This book is written as a memoir, relying on known history as well as actual letters than have survived from the time and using those to tell of the events of the relationship between Axel and Marie Antoinette as well as many other major events of the late 18th century. Axel tells his story, given the reader a view into important events through the eyes of someone who was there. Various aspects are also told by his beloved sister Sophie who fills in the gaps that Axel left in his memoir or to tell us what was actually going on when he wasn't present.
Axel von Fersen was born into an aristocratic Swedish family and was educated accordingly. In his teens he was sent on a grand tour of Europe. In Paris, he met Marie Antoinette at a masked ball, and so a fateful relationship began. Initially, Axel was a close friend of both the King and Queen but in due course he and Toinette became lovers. It was, however, a turbulent time in France history, and after a brief idyll political events overtook everyone at the French Court with implications that would shape French political life for years to come.
Before those events lead to their eventual outcomes, we spend time with the young count as he signs up to go and fight in the American Revolution. Throughout his life, Axel is much respected, a figure of honour and integrity, as well as brave and handsome. He had very set ideas about honour, and about the proper place of all people within their social strata. This is part of the reason when he was so steadfast in his loyalty to Louis (although not loyal enough to abstain from dallying with his wife). It was also a big part of his unpopularity in his home country during political uprisings which eventually led to his death.
I would go so far as to say that the only place where he didn't behave with honour was really when it came to women. In the course of the book, we find out about his relationship with not only Marie Antoinette but also with other women. He recognises that his own behaviour was unbecoming but it didn't stop it from happening, and there were a couple of graphic scenes that seem to pop into the narrative quite unexpectedly.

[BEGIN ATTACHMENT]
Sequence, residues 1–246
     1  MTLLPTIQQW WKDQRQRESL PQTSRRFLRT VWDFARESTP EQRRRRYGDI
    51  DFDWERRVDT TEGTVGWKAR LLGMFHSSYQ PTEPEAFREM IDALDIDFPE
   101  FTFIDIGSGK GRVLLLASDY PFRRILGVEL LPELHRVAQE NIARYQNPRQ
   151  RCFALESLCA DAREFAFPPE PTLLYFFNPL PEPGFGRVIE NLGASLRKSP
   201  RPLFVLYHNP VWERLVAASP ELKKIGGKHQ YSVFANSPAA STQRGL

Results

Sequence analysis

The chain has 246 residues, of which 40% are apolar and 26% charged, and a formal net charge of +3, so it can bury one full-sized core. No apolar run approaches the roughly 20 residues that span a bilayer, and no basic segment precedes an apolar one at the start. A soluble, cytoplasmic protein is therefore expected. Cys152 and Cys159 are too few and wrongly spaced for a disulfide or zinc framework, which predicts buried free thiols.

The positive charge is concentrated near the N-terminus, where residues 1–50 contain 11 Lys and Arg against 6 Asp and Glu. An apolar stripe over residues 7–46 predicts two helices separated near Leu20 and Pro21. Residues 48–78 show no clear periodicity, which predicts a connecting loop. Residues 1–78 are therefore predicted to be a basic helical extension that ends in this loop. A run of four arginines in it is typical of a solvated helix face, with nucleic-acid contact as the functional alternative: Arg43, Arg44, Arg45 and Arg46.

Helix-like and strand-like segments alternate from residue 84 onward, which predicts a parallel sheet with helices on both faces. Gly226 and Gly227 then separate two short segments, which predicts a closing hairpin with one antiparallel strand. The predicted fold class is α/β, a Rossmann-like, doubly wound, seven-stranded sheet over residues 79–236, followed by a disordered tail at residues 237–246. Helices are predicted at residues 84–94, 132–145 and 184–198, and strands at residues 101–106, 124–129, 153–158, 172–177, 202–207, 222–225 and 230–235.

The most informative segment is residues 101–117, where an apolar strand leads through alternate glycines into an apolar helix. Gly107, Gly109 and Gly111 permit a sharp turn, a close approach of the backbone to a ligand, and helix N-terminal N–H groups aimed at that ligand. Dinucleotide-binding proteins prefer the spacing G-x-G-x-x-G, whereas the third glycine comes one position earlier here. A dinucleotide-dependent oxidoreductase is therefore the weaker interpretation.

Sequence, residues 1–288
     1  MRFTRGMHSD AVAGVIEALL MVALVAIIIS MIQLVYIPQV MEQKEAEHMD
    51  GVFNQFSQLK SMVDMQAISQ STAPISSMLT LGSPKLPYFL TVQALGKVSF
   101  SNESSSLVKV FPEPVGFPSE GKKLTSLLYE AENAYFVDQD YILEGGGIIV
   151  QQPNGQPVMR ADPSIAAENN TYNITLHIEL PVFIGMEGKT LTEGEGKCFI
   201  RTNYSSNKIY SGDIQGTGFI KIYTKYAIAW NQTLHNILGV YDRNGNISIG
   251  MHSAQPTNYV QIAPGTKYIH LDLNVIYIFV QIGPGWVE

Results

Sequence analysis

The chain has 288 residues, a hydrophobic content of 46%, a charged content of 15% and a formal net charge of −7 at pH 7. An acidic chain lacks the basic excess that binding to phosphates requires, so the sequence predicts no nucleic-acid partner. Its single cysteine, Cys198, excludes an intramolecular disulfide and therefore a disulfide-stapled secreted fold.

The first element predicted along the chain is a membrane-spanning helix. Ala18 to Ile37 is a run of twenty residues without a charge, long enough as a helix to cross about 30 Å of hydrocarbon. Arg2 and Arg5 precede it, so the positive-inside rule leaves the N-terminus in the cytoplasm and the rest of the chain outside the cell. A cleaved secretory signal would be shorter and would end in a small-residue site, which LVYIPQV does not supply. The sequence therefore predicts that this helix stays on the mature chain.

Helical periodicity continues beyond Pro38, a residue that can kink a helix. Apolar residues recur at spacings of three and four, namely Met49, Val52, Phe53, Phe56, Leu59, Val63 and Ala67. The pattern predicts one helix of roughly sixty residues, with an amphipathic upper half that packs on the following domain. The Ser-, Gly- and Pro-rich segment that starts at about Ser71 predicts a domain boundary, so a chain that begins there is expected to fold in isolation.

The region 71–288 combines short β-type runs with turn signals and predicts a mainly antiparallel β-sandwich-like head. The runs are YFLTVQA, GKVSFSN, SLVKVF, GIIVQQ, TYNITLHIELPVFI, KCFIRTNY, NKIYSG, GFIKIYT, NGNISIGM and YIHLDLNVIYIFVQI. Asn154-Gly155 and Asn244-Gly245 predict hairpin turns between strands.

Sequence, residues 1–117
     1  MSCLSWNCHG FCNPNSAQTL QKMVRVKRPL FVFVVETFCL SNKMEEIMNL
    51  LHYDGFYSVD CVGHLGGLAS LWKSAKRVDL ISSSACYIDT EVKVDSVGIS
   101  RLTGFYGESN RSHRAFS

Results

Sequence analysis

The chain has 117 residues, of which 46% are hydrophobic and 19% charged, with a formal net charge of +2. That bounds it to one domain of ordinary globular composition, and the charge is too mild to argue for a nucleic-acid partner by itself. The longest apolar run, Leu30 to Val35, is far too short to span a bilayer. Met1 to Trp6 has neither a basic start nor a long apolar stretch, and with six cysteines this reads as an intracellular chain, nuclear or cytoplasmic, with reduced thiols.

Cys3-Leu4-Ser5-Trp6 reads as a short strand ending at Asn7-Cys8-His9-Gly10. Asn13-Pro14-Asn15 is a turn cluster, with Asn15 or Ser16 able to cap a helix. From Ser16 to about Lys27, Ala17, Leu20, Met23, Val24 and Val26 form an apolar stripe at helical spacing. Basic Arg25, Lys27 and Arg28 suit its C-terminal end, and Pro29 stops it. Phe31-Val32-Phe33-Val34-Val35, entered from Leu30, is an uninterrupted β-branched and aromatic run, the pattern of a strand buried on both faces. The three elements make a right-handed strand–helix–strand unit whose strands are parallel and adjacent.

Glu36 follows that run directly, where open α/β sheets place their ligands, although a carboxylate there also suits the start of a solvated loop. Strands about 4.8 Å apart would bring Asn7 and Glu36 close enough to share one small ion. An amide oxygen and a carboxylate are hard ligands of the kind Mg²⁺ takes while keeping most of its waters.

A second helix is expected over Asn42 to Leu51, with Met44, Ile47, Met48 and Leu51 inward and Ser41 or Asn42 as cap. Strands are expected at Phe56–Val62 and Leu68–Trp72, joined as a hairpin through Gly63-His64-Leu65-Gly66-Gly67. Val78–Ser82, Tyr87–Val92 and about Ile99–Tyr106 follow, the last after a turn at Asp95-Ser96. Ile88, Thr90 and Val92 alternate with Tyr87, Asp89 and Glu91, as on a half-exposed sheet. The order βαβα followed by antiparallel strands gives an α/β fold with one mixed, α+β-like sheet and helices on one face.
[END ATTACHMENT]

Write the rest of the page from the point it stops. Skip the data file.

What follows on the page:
You might expect from the title of the book that the majority of the book would focus on the relationship that Axel is portrayed as having with Marie Antoinette. It is a large part for sure, but there is more page space given to the time in America, to the time after the arrests of the royal family and how von Fersen tried to work on their behalf in any way he could, and then on his life back in Sweden where he was accorded several honours as well as behaving in ways that made him unpopular with many people and leading up to his death.
If you are a fan of Marie Antoinette or really enjoy reading about the French Revolution, then you may really enjoy this book. I thought it was a solid read, without being spectacular.
Thanks to TLC Booktours and the publisher for an ARC of this book.
Cross posted at Historical Tapestry
Historical fiction of the highest order, The Queen’s Lover reveals the untold love affair between Swedish aristocrat Count Axel Von Fersen and Marie Antoinette
The Queen’s Lover begins at a masquerade ball in Paris in 1774, when the dashing Swedish nobleman Count Axel Von Fersen first meets the mesmerizing nineteen-year old Dauphine Marie Antoinette, wife of the shy, reclusive prince who will soon become Louis XVI. This electric encounter launches a life-long romance that will span the course of the French Revolution.
The affair begins in friendship, however, and Fersen quickly becomes a devoted companion to the entire royal family. As he roams through the halls of Versailles and visits the private haven of Petit Trianon, Fersen discovers the deepest secrets of the court, even learning about the startling erotic details of Marie-Antoinette’s marriage to Louis XVI. But the events of the American Revolution tear Fersen away. Moved by the colonists’ fight for freedom, he is one of the very first to enlist in the French contingent of troops that will fight for America’s independence.
When he returns, he finds France on the brink of disintegration. After the Revolution of 1789 the royal family is moved from Versailles to the Tuileries. Fersen devises an escape for the family and their young children--Marie-Thérèse and the Dauphin Louis-Charles--whom many suspect to be Fersen’s son. The failed evasion attempt eventually leads to a grueling imprisonment, and the family spends its excruciating final days in captivity before the King and Queen face the guillotine.
Grieving his lost love after he returns to his native Stockholm, Fersen begins to sense the effects of the French Revolution in his own homeland. Royalists are now targets of the people’s ire, and the carefree, sensuous world of his youth is fast vanishing. Fersen, who has been named Grand Marshal of Sweden, is incapable of realizing that centuries of tradition have disappeared, and he pays dearly for his naïveté, losing his life at the hands of a savage mob that views him as a pivotal member of the aristocracy.
Scion of Sweden’s most esteemed nobility, Fersen came to be seen as an enemy of the homeland he loved. His fate is symbolic of the violent speed with which the events of the 18th century transformed European culture. Expertly researched and deeply imagined, The Queen’s Lover offers a fresh vision of of the French Revolution and of the French royal family, as told through the love story that was at its center.